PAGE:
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Writing

Writing at Bridge

At Bridge, we endeavour to develop children’s writing skills so that they have a toolkit which they can confidently apply to a range of different types of writing. Children have the opportunity to write for a variety of purposes and audiences, covering a range of genres. Each text type is taught using the following teaching sequence:

  1. Reading as a reader and then reading as a writer. This involves reading and understanding good-quality examples of the text type and identifying the features that make them successful.
  2. Teaching the grammar and punctuation for writing depending on the year group and the text type.
  3. Teacher-modelling of the thought process involved during writing.
  4. Children apply what they have been taught to a piece of writing (including planning).
  5. Children edit their work to ensure that it ‘reads’ well.
  6. Children proof-read their work to ensure that it is accurate.

Grammar and Punctuation

Most grammar and punctuation is taught within the context of a piece of writing as this makes it more meaningful. Some is taught discretely. We follow the progression outlined in the National Curriculum as shown below.

Progression in Grammar

Year 1

Year 2

Year 3

Year 4

Year 5

Year 6

Noun phrase

Expanded noun phrases

Expanded noun phrases

Expanded noun phrases

Expanded noun phrases

Expanded noun phrases

Subordinating conjunctions

Subordinating conjunctions

Subordinating conjunctions

Subordinating conjunctions

Subordinating conjunctions

Subordinating conjunctions

Co-ordinating conjunctions

Co-ordinating conjunctions

Co-ordinating conjunctions

Co-ordinating conjunctions

Co-ordinating conjunctions

Co-ordinating conjunctions

Past and Present tense

Past simple

Past progressive

Present simple

Present progression

Past simple

Past progressive

Present simple

Present progression

Past perfect

Present perfect

Past simple

Past progressive

Present simple

Present progression

Past perfect

Present perfect

Past simple

Past progressive

Present simple

Present progression

Past perfect

Present perfect

Past simple

Past progressive

Present simple

Present progression Past perfect

Present perfect

 

Sentence types

Statement

Command

Question

Exclamation

Sentence types

Statement

Command

Question

Exclamation

Sentence types

Statement

Command

Question

Exclamation

Sentence types

Statement

Command

Question

Exclamation

Sentence types

Statement

Command

Question

Exclamation

 

Adverbs

Adverbials

Adverbials

Adverbials

Adverbials

 

 

 

 

Relative clauses

Relative pronouns

Relative clause

Relative pronouns

Progression in Punctuation

Year 1

 Year 2

Year 3

Year 4

Year 5

Year 6

Full stops

Capital Letters

Inverted Commas

Inverted Commas

Inverted Commas

Inverted Commas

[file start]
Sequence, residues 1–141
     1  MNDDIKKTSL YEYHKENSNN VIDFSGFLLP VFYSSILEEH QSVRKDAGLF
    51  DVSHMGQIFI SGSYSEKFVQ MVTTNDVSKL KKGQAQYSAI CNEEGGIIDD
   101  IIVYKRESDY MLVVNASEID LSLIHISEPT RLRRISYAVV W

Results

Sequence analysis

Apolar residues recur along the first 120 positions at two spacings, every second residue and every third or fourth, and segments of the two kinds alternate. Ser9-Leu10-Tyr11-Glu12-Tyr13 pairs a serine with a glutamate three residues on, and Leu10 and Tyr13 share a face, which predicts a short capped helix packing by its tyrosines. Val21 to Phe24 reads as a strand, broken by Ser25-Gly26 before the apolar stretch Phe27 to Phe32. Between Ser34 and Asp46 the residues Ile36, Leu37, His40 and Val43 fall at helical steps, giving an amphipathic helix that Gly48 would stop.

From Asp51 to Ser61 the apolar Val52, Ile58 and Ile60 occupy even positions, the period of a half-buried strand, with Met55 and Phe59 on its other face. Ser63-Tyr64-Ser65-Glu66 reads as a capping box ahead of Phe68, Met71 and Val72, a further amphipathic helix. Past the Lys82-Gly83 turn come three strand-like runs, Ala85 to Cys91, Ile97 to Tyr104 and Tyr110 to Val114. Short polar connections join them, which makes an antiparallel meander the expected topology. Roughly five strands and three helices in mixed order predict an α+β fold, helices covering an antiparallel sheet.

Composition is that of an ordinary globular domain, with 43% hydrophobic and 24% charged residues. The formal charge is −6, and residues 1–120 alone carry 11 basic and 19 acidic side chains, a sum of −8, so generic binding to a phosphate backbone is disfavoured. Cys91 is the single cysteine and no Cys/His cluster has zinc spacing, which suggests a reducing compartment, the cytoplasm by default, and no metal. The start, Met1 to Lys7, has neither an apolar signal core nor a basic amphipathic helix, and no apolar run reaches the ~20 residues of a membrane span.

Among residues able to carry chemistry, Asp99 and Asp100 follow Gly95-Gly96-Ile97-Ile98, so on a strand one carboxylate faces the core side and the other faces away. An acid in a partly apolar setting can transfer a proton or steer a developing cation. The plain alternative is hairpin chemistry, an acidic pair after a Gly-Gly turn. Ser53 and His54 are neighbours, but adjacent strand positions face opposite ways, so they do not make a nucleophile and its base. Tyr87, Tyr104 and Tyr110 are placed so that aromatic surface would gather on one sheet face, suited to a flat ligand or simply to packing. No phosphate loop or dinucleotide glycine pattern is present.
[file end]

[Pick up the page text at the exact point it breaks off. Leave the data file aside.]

Inverted Commas

Commas to separate a list

Commas to separate a list

Commas to separate a list

Commas to separate a list

Commas to separate a list

 

Apostrophe for omission and possession

Apostrophe for omission and possession

Apostrophe for omission and possession

Apostrophe for omission and possession

Apostrophe for omission and possession

 

 

Commas for fronted adverbials

Commas for fronted adverbials

Commas for fronted adverbials

Commas for fronted adverbials

 

 

 

 

Commas for clarity

 

Parenthesis:

Dashes

Brackets

Colons

 

Hyphens

Commas for clarity

 

Parenthesis:

Dashes

Brackets

Colons

 

Hyphens

 

 

 

 

 

Adding detail:

Dashes Colons 

Linking 

Semi-colons

Handwriting

Children at Bridge are taught a cursive handwriting style where each letter has a lead in and a lead out. The style taught is shown below:

The quick brown fox jumps over the lazy dog.

Children who develop a fluent, legible style will be awarded with a pen licence.

Spelling

At Bridge Junior, we follow a spelling programme called No Nonsense Spelling. This covers the statutory requirements for each year group which can be found here: http://dera.ioe.ac.uk/18288/1/English_Appendix_1_-_Spelling.pdf

The focus of the programme is on the teaching of spelling, which embraces knowledge of spelling conventions – patterns and rules; but integral to the teaching is the opportunity to promote the learning of spellings, including statutory words, common exceptions and personal spellings.

Teaching sequence

The programme has been written broadly following a teaching sequence for spelling, whereby each new concept is taught, practised and then applied and assessed. Frequently there is also a ‘Revise’ session before the teaching session. A typical teaching sequence is as follows:

Children are given individual spellings to learn each week at home and are tested on them the following week. Here are some useful websites to support children with spelling:

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